Recap from Last Time: People use a set of relationships to help make decisions all the time called an ambient filter; some people might call the same set common sense. Stereotypes are a part of common sense.
Something’s not quite settling about the foundations I’ve detailed in the last post. It looks like the only thing we could say about women using ambient filters is that society conditions women to be bad at math (either by depriving them of the ability to hold tenured positions due to sexism, providing hostile working and learning environments, etc). Ah, but that ignores the nature of human existence. Like our filters, which can add or drop a relationship any time, our environment is not fixed.
This might sound a little Marxist to you; it should: Vygotsky (who got it from Engels who was inspired by Marx) loved the idea that man can shape his environment in order to shape himself. Whoa. Let’s pause a moment to digest the educational implications of that statement.
I’m told that in olden times, a person might tie a red or white string on his finger in order to remind himself to do something. Apparently, this was before they had paper and pencil and could write notes. Regardless of the specifics of the method, the general process and effect are the same: make something on the outside to trigger a response on the inside. This the the all-powerful idea of the sign. And if you dig deep enough, you can say all sorts of interesting things about social (as well as societal) effects on learning. Marx said the use of the tool makes us characteristically human; Vygotsky argues in favor of the sign. (Personally, I like the sign better.)
I know, I know, we’re moving slowly. So I’ll speed it up.
Now back to math: who were the principal investigators of mathematics since very early on? Men. And who developed the system of notation and verbal description we commonly use today? Men. And is it very likely that those who study a field of knowledge (which, by the way, may be entirely blind to the natural inclinations of its investigators) are going to devise a method of symbology that makes sense to them? Yes. And is it very likely that these representations of knowledge are going to make sense to its authors precisely because these representations automatically exploit their personal frameworks for understanding? Yes. (That is, would anyone ever record something that he understands in a way that cannot understand? No—at least not on the community-level.) Ah, then would you grant me that if there are biological differences between the way men and women think, doesn’t it make sense that because men have dominated math forever that the language of mathematics as we know it will necessarily be kinder to the male intellect than to its female counterpart? Sure it does.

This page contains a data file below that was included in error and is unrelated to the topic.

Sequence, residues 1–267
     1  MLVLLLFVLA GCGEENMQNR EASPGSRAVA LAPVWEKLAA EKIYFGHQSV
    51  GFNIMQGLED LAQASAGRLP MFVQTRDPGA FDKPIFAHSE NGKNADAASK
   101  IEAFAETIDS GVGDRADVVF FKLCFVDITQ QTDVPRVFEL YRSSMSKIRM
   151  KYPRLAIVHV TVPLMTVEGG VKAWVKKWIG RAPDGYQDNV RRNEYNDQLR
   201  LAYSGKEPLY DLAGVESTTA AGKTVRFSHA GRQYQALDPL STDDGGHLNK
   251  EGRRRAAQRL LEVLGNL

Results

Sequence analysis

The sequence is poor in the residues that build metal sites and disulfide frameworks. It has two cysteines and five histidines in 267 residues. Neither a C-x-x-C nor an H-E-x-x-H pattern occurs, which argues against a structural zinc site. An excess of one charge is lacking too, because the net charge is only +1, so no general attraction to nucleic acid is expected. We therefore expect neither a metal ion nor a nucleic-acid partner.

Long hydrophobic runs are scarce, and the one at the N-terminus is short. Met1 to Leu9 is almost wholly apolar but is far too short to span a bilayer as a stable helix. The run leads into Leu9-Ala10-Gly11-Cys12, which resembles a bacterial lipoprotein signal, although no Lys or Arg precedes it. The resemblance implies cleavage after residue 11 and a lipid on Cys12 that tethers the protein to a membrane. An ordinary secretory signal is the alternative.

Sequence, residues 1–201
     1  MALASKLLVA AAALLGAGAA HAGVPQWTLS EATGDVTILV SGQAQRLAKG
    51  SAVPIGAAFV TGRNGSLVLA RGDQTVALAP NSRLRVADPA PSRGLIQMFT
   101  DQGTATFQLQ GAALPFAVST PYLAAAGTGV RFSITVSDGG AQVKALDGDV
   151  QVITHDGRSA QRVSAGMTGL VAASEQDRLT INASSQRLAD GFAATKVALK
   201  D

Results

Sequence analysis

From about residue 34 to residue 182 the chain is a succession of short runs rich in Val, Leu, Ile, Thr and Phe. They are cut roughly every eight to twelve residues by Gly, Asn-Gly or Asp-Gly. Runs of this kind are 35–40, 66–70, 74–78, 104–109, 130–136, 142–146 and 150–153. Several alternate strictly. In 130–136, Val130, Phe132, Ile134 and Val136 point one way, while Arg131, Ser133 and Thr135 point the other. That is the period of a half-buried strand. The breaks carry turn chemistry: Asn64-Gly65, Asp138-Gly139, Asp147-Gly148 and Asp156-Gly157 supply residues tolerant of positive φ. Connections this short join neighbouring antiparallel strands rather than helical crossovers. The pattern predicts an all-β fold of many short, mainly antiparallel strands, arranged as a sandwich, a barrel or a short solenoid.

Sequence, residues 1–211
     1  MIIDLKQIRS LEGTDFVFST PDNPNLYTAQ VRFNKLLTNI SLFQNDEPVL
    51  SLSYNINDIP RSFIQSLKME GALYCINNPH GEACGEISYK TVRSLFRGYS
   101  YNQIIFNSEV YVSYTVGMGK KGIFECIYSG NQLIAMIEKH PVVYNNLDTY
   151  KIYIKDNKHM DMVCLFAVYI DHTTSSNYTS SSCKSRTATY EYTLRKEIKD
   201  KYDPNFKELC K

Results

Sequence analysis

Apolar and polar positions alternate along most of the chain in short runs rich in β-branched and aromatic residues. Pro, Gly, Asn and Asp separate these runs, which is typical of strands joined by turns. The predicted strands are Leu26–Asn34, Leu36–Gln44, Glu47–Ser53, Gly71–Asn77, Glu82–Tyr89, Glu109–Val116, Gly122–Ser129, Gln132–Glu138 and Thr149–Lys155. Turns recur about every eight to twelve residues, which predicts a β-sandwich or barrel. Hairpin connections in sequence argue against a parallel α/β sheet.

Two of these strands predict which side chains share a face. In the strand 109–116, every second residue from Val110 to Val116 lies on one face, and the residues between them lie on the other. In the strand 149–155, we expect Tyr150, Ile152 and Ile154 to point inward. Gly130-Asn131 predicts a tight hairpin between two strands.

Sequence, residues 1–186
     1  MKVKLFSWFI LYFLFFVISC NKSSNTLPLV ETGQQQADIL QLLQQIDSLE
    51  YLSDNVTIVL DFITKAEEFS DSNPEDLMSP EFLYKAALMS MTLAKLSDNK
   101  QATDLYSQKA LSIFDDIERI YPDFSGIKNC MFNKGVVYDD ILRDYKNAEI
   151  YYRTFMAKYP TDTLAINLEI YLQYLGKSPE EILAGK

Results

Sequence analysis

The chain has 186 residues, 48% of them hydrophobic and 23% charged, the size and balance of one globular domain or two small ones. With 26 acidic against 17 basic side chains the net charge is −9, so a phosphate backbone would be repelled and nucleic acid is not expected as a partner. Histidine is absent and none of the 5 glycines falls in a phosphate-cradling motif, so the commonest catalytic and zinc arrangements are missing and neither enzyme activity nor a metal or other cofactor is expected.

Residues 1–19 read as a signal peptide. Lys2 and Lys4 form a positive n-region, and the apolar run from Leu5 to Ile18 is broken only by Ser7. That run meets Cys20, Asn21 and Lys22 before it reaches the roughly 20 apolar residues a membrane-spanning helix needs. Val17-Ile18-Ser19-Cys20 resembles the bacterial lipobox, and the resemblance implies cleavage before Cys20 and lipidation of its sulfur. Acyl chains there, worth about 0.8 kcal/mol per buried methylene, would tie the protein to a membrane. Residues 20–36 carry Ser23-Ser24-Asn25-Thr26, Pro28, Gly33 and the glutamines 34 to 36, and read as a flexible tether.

So what have we learned through our very heavy-handed Socratic dialogue? It is very possible that while real mathematical knowledge doesn’t care what gender a person is, the representations we use today (in the symbols, language, and presentation at large) are biased in favor of men. Weirdly enough, that means there are innate difference between math and women. Exposition of mathematics has changed very little in the past century. The curriculum and its implementation exist primarily for historical reasons. The way people form common sense about math, therefore, hasn’t changed much, either. The trick, if what I say is correct and its effects are large, is to recast the relationships we use to describe math, and the methods by which we establish them, in a way that is meaningful to a larger audience. Of course, uprooting blatantly sexist myths about the role of women in math and science couldn’t hurt, either.
But here’s the really interesting part: we’ve shown that common sense doesn’t exist exclusively within the mind. Instead, we can leave it on the outside, in what we say, write, draw, make, build—in anything, even tangible things!—and that a throrough treatment of creative problem solving (and thought more generally) has to take into consideration the external consciousness we store in everyday objects.
(Yes, Lauren, I know. Historians have long recognized this fact. Ulrich studies teapots, I get it. Archaeologists, too. Sure. But is there anything new under the sun?)